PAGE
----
EA’s Business Strategy Lands Them In Trouble with Disney, Public
It has been a harrowing few weeks for EA. For years now, EA’s business model seems to be to sell the public parts of a game and then charge extra for the rest. It has gotten so bad that it has driven gamers like me to not even bother with a title if their logo appears on the packaging. But with their latest release, Star Wars: Battlefront 2, it seems people are finally ready to fight back.
It started with a twitter-storm as players noticed, after spending upwards of $60 for the game, that EA was encouraging them to spend even more to unlock certain characters. It was all part of EA’s monetization strategy of squeezing every penny out of franchise fans. Unsurprisingly, they revolted instead and took to the internet to trash the game. EA attempted to mitigate the damage by drastically reducing the character prices and eventually getting rid of the “lootbox” system altogether, as some argued that the random nature of the lootbox’s contents was little more than gambling, as players didn’t know what, exactly, they were paying for.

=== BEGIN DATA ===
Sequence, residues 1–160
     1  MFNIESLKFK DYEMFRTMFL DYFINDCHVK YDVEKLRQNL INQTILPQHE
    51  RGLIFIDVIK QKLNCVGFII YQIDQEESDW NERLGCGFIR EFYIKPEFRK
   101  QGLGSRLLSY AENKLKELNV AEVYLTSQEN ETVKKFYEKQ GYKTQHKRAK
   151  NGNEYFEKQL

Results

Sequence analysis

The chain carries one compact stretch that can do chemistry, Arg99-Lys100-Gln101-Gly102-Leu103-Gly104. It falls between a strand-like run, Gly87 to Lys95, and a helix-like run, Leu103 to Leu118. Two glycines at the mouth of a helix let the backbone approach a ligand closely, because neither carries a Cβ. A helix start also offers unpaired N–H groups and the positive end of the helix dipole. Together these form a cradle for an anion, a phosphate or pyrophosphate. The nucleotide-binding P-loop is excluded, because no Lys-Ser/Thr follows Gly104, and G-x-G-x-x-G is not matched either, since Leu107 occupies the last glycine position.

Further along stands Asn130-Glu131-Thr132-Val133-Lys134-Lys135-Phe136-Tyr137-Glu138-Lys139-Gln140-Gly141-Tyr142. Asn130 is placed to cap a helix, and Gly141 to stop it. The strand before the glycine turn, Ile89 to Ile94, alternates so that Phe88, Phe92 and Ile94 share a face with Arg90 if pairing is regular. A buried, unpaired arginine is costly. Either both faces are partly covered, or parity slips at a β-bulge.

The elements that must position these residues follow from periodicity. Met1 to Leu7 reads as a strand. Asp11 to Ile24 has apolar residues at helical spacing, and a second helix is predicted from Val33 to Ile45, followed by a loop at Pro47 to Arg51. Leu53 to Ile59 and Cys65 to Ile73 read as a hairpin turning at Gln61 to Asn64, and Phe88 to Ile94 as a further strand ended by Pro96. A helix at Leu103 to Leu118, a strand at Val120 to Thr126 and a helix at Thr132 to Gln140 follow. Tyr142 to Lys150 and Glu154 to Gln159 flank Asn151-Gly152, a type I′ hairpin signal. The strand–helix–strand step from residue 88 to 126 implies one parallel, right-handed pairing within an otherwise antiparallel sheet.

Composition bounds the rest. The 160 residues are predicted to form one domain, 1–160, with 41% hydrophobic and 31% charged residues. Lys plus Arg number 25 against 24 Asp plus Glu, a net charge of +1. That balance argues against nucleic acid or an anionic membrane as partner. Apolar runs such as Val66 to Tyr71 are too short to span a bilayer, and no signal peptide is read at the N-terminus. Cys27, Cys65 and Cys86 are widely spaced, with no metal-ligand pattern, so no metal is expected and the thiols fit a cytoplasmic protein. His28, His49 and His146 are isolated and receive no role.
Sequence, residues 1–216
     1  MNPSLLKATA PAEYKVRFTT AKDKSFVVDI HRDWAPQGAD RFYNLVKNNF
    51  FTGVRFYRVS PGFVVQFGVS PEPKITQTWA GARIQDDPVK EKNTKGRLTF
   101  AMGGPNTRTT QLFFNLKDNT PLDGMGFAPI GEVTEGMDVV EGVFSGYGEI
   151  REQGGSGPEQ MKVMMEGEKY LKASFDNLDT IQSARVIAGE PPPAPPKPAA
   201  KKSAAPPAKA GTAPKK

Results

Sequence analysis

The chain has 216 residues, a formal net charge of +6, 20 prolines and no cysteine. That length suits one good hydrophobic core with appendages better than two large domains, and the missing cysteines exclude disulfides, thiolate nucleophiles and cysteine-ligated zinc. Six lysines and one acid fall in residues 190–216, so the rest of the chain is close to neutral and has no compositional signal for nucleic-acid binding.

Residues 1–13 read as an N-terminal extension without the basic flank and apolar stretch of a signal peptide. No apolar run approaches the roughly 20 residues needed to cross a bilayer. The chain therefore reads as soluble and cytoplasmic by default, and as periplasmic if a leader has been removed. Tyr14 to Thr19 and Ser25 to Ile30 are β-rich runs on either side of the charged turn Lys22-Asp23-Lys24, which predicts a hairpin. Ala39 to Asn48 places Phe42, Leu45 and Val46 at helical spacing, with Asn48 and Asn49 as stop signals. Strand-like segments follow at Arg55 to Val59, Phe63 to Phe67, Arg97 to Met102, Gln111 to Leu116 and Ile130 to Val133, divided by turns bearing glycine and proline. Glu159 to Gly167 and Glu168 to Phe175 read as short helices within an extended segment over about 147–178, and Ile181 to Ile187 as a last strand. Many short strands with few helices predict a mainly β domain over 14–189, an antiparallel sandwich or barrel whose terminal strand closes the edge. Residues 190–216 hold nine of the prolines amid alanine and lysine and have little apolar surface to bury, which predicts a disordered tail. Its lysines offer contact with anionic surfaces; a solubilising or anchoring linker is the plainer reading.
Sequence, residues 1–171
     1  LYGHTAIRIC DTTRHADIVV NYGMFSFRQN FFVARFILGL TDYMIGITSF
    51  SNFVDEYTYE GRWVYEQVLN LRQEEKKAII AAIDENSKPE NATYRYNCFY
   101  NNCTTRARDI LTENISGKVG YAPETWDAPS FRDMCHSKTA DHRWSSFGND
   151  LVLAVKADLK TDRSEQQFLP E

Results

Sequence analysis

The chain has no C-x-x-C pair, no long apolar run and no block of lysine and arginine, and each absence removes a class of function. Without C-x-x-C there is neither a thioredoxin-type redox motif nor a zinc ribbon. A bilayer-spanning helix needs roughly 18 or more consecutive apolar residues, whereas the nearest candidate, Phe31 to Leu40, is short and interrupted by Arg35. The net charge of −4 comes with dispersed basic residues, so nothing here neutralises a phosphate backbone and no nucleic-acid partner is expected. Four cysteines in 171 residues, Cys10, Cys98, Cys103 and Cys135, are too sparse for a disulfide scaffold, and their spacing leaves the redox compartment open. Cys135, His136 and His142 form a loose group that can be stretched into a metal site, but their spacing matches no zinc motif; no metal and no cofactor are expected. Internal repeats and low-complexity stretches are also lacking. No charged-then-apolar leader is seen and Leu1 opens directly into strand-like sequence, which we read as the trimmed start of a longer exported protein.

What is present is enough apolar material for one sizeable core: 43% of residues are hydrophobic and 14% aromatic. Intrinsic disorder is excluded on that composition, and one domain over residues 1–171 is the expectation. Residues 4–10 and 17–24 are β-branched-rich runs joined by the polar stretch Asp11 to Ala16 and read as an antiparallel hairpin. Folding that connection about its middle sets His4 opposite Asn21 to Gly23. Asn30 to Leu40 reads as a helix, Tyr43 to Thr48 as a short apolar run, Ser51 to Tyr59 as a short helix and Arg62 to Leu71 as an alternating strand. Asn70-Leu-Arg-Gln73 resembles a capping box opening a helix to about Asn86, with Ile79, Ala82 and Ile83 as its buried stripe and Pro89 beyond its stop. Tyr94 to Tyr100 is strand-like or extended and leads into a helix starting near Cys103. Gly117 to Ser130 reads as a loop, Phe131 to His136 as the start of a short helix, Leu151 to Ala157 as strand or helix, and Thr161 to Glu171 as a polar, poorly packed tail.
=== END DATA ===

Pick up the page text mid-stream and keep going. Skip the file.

Unfortunately, it seems they were too late. Bad word-of-mouth had done its damage as the game’s initial sales numbers fell far under projection. Less than half the expected numbers had been sold since the launch date. Things had been looking grim in the Media for a while, prompting Bob Iger, Chief Executive Officer for Disney, to make a call to EA’s CEO, Andrew Wilson. Nobody knows exactly what the two talked about over the phone, but it’s not hard to guess. Disney is a family friendly business, looking to make money through licensing its many franchises for films and video games, and all of this bad press stands in the way of that. Many assume that it is because of this call that EA scrapped the game’s transaction system just before launch, surprising many. One thing is for sure: Another slip-up like this one, and Disney will take it’s business elsewhere, leaving EA without a massive revenue stream in the future.